When people think of cancer they inevitably think of death. At first, I was afraid of death. I was afraid to even mention it. However, after spending time in the chemo lounge and looking at the examples the other cancer patients made, death became a little bit easier to deal with. I never really had to think about death before I had cancer. I mean yes, I had been in a couple of car accidents and other scary things like that, but I never had to actually recognize death. It was as if death was a box on the shelf that I occasionally took down and thought about organizing, but never really took the time do so. After being diagnosed with cancer all of that changed. I have been forced to look through the box and nothing is going to change the fact that I could die and even if I survived this round, the cancer may come back later and finish me off. It is rarely talked about in the Chemo Lounge and my doctor was extra careful about never mentioning it, but other people are not so tactful. People with cancer do die. It happens more often than I would like to think about, but I quickly found out that it’s a subject you cannot avoid.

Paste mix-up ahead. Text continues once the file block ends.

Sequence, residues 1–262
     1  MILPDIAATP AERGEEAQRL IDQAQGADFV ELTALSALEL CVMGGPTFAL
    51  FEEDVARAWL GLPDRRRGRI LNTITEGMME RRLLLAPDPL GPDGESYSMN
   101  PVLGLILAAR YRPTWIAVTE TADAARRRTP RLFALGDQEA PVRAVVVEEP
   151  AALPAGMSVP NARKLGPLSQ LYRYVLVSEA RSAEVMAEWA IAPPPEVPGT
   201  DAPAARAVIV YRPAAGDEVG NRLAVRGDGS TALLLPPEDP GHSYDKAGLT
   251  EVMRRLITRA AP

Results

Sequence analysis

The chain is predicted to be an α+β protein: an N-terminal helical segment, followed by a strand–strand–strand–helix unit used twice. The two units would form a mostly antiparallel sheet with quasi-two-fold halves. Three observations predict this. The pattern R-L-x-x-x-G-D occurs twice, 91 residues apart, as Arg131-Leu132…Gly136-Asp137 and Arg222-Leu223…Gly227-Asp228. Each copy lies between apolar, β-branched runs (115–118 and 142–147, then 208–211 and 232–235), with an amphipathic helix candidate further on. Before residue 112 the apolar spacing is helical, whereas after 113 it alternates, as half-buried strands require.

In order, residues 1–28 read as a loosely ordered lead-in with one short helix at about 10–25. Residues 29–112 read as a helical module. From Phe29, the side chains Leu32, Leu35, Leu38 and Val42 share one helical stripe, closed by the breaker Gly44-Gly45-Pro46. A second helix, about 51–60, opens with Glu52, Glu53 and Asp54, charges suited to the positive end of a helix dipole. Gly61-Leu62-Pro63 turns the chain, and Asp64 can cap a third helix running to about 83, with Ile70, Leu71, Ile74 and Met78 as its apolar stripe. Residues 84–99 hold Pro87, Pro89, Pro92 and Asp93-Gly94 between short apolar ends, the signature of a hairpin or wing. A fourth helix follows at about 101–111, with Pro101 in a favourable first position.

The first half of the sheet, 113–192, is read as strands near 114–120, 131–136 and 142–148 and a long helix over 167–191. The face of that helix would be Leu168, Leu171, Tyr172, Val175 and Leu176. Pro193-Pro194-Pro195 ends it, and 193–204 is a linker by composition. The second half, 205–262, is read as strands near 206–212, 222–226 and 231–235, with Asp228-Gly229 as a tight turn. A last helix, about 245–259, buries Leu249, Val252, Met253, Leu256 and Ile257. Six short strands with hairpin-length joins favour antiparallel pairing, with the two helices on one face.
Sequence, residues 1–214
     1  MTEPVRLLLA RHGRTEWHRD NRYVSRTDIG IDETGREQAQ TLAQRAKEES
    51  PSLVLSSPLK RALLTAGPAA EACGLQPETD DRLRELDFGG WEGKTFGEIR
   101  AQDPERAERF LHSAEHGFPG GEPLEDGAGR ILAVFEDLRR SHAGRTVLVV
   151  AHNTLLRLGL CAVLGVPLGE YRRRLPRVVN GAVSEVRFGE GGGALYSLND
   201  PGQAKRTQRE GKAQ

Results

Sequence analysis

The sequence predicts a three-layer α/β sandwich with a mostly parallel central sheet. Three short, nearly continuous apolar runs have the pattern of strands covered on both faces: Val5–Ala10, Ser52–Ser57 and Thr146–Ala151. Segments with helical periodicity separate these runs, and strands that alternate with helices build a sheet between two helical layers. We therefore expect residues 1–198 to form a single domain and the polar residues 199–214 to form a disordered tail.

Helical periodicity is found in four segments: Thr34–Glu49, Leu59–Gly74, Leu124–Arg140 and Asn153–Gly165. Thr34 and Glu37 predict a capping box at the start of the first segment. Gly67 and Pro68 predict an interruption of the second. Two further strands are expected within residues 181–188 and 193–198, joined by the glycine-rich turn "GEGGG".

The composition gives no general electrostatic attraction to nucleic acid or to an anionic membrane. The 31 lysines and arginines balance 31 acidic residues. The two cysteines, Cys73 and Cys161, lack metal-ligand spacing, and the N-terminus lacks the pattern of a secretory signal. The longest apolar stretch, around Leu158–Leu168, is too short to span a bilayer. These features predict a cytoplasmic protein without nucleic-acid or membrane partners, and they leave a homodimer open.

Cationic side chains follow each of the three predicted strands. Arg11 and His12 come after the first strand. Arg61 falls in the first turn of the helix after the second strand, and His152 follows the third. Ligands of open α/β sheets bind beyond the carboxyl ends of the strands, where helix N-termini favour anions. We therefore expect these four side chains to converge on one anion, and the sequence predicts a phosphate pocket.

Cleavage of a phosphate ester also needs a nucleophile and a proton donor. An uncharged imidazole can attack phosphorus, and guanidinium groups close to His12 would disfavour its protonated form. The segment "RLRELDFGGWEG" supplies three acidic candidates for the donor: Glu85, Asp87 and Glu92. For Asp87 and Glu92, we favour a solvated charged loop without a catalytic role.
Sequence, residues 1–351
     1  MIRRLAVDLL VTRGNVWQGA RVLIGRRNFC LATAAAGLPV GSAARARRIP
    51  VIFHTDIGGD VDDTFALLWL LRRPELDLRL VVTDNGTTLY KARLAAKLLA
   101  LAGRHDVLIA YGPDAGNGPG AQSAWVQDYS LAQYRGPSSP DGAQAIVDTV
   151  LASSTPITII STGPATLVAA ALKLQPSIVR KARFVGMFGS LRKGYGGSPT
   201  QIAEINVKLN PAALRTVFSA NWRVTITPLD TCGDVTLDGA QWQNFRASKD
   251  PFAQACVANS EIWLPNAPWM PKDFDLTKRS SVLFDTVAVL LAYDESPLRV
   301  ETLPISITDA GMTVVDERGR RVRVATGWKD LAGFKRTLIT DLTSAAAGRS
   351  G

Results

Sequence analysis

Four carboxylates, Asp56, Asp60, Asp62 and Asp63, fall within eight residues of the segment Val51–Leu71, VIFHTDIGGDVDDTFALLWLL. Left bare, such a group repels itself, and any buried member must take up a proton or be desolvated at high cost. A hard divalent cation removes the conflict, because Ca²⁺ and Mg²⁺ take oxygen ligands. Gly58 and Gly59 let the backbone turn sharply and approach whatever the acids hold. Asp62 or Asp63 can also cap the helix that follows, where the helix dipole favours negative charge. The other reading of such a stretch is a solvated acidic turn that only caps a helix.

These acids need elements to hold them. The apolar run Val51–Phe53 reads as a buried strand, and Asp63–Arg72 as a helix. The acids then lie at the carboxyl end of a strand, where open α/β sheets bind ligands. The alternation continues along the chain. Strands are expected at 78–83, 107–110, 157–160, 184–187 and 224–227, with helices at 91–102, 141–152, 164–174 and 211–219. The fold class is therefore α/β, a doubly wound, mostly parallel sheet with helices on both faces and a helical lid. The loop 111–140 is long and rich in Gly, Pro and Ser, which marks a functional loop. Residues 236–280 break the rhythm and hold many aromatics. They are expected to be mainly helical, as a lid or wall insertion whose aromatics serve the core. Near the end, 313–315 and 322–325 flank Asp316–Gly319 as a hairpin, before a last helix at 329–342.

Ironically, one of the people that helped me the most to accept my own inevitable death was a cousin of mine that I never even got to know. Her name was Pam. She had had cancer before and gone through treatment. Unfortunately, it came back and this time she was not responding to treatment and the cancer had spread. I was stunned when I heard this from my mother as I had only ever heard the nicest things about this woman. I was also, understandably, terrified. A little while later Pam’s mom and my aunt (yet another wonderful person) died. At her visitation all of my aunt’s daughters were lined up to receive our good wishes and, of course, Pam was among them. I’m not going to lie; I was scared out of my mind. I had nothing but admiration for this woman who was the embodiment of my greatest fear. However, as we stood in line getting closer and closer I watched her. She seemed serene and kind sitting in her wheel chair with family and well-wishers surrounding her. I timidly stepped up to her, leaned over and shook her hand. We briefly made eye-contact. I smiled sadly into her eyes and moved on. The interaction only lasted a few seconds, but it was life changing for me. Her look seemed to say that she completely understood and that it was okay. I spent considerable time thinking about this interaction for the next few days and several tears and a panic attack later I realized that she was right. It is okay. I am going to die and I am going to be okay with that. I realize that I am not going to die anytime soon thanks to my wonderful doctors and the support of family and friends, but someday, I am going to die and it’s fine. Not to say that I will not be disappointed and that I am not scared, but I am okay with dying.